Oil prices to jump 30 percent next year Neediest Vermonters will take the biggest hit
Frank Pastor has spent three years in a house that reaches about 52 degrees in the winter. His Cabot home is poorly insulated and a small propane heating unit can't keep up with winter's cold.
This year, Pastor is expecting to set the thermostat about 10 degrees warmer. The state is helping the 62-year-old who suffers from diabetes and has no feeling in his feet to winterize his home, and a USDA Rural Development grant will pay for a new oil furnace.
Filling his new oil tank will be costly, though. Heating oil costs are expected to rise more than 30 percent this year, from about $1.60 a gallon to $2.10 for pre-buy prices.
Johnson & Dix Oil and Propane has set a pre-buy price in the Barre area at $2.09, up from $1.59 last year, said company vice president Tom Frawley. Propane, or gas, is also rising by a similar margin to $1.79 a gallon, he said.
"We really have no control over it. We try to basically cover our expenses," Frawley said. "Everybody is sort of in price shock, of course."
Pre-buy prices are typically a discounted price for customers who pay for a certain amount of oil prior to the heating season. Those who pay month-to-month or after each delivery during the winter months can expect to pay even more.
Other companies said they hadn't yet set pre-buy prices, but were predicting similar increases.
Some of Rutland company Hugh Duffy Coal & Oil's larger customers, including Castleton State College and area churches, are bracing for 25 to 30 percent price jumps.
"That's what everybody in the industry is advising," says Terry Moran, an owner of Hugh Duffy. "I think you're going to see the pre-buys in the $2.10 range across the board."
The company charged $1.499 a gallon for pre-buy sales last year and is waiting to lock in the price this year, hoping oil prices take a dip.
Companies set their pre-buy based on the price they lock in from future's contracts on the commodities exchange, Frawley said. Oil prices, just like gas prices at the pump, are up and heating oil companies' business expenses are rising, too.
The cost of insurance went up following Sept. 11 and homeland security concerns. The cost of trucking fuel has also risen because of higher gas prices.
The price increase means more people will visit the Open Door Mission's soup kitchen as they give up buying food in order to pay for heat, said Sharon Russell, executive director of the Rutland mission.
Russell says higher heating costs will also hike up rents and force the poor out of apartments and into the mission's shelter.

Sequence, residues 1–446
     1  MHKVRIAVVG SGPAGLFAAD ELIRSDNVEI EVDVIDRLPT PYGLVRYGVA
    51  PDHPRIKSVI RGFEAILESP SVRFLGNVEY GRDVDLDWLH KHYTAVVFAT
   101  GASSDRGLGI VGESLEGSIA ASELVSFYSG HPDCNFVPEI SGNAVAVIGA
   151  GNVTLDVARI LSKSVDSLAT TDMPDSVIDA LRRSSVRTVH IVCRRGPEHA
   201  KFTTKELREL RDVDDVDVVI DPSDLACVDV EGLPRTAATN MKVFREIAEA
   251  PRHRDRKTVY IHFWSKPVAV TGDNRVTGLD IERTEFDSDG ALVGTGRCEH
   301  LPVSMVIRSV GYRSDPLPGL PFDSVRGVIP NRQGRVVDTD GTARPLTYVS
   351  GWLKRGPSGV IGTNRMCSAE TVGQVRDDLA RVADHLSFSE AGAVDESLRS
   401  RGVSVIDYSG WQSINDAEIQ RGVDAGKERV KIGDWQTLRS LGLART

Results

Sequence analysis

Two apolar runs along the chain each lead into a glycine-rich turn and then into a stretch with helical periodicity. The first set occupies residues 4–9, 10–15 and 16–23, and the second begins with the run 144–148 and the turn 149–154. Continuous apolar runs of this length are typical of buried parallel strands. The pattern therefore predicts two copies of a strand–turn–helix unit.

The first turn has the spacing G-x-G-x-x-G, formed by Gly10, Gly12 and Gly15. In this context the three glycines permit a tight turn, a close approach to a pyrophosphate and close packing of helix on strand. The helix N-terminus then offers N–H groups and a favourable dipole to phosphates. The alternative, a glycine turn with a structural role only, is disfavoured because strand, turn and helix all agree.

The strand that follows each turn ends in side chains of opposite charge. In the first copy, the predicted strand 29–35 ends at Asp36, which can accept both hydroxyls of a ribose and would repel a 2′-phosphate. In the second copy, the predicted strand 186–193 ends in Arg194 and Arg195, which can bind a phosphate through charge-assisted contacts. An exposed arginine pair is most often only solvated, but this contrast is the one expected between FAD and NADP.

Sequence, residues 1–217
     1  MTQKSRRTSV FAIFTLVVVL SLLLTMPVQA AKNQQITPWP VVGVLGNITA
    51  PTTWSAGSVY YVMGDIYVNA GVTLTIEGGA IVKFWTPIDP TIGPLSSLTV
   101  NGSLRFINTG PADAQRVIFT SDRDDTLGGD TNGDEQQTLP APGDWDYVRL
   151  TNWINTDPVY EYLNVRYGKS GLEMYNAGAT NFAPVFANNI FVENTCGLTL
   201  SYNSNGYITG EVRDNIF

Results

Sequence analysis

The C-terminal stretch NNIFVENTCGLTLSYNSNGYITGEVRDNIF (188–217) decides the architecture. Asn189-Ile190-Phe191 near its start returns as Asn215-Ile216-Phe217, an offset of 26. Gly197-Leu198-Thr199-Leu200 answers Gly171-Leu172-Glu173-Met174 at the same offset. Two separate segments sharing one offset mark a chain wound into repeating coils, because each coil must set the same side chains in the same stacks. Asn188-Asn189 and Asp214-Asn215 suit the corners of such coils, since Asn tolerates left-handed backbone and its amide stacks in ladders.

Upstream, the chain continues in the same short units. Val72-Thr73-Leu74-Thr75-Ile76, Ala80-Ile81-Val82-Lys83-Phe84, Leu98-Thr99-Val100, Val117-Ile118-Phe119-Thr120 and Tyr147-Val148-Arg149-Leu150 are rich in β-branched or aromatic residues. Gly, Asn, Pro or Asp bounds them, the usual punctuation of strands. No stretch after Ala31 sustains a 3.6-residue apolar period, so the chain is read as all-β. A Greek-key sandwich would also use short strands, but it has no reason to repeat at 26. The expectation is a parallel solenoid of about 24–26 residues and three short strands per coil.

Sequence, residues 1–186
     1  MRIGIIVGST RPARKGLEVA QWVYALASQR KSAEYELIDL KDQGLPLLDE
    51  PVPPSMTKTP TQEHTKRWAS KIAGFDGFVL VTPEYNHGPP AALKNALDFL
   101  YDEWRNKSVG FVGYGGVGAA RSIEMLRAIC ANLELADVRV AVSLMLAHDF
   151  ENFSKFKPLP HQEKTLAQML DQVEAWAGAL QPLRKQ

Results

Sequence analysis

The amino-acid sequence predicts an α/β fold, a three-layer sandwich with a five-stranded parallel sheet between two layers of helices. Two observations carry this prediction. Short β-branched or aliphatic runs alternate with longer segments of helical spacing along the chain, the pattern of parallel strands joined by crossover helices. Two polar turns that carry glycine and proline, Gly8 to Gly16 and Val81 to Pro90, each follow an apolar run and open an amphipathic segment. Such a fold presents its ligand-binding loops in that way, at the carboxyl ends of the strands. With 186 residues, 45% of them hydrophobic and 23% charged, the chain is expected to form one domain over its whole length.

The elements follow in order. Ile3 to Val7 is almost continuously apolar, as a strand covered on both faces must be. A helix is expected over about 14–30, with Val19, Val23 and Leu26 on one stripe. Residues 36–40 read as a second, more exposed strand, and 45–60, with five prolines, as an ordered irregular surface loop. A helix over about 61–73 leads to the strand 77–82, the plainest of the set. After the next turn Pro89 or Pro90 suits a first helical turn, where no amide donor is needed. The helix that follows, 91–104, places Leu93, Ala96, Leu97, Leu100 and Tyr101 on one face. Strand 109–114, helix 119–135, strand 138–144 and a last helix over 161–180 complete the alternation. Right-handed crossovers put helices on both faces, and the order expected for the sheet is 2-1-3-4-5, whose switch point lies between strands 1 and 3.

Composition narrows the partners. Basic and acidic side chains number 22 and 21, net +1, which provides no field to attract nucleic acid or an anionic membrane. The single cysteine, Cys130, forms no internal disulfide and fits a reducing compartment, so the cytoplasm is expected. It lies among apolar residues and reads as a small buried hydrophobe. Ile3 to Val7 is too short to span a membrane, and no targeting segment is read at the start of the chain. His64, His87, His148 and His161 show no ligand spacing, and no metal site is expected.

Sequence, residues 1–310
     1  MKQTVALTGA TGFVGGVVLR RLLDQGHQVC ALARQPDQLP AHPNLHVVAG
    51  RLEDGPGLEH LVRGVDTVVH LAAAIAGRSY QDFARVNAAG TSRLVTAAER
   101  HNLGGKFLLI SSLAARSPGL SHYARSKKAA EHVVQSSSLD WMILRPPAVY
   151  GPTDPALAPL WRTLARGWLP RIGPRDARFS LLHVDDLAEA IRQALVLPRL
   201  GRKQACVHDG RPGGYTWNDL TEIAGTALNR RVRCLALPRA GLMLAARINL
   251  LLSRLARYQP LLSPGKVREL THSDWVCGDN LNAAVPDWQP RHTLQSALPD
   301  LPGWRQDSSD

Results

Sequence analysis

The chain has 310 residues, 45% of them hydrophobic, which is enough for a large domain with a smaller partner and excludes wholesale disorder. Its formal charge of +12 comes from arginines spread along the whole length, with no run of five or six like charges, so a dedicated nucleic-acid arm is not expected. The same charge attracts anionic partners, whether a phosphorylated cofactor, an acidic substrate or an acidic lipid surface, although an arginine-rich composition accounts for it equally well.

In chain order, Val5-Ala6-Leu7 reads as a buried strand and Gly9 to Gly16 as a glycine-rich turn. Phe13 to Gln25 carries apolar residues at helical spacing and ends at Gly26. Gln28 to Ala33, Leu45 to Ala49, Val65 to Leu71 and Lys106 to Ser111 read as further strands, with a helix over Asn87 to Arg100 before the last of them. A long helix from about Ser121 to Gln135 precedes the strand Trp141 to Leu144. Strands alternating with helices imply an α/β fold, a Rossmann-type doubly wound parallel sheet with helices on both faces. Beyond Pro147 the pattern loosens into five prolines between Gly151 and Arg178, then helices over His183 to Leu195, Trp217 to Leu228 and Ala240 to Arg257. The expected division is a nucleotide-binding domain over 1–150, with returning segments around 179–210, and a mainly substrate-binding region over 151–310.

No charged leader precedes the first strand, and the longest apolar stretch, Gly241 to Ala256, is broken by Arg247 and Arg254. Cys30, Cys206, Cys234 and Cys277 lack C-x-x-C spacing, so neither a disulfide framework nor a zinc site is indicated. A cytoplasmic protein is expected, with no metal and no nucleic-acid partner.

At the same time, Russell said, the shelter's own heating costs, now at $7,000 annually, will rise.
"We will have to cut back to be able to meet the need. We juggle where we have to juggle," Russell said. "The elderly are the ones who are going to suffer. They're going to go without medicine to heat their house."
The Central Vermont Council on Aging can offer limited assistance for fuel, but that pool of money is already drying up, said Dagny Hoff, case manager supervisor.
Those on fixed incomes simply can't absorb additional expenses, including the $500 more they will have to pay this year for the same 1,000 gallons of heating oil.
"I think we're looking at a state of emergency in the elder care field," Hoff said.
Heating assistance for those who are income eligible is available through the state Fuel Assistance Program and from community action agencies on an emergency basis during the heating season.
"We're seeing more and more people in the emergency fuel program. We're seeing folks we've never seen before," said Hal Cohen, executive director of the Central Vermont Community Action Council Inc. Cohen said higher oil prices will hit the working poor hardest.
Community action councils pay for up to three 100-gallon emergency drop-offs per family each year, Cohen said.
"There are a lot of people who made due. In other words, nobody froze but a lot of people were cold," he said.
Frawley of Johnson & Dix said many of his customers conserved. They turned down thermostats, shut off rooms and used alternative sources, such as wood, which has also gone up.
With rising prices this year, said Cohen, demand will outstrip available state emergency resources, which are primarily federal funds passed through the state.
Last year, to make up for a shortfall, the state raided its Weatherization Trust Fund, which provides weatherization to the poor to reduce heating costs. That fund is too depleted to borrow from again this year.
"It's also poor energy policy to raid a program that's meant to give people long-term energy savings," Cohen said.
This year, Cohen said his agency will likely have to turn away some people. Something will have to be done, however, he said. "Our state doesn't let people freeze," Cohen added.
Pastor, who lives on a fixed income, says he'll take his high oil bills one month at a time and hope that he can make ends meet.
Contact Robin Palmer at email@example.com or 479-0191, ext. 11
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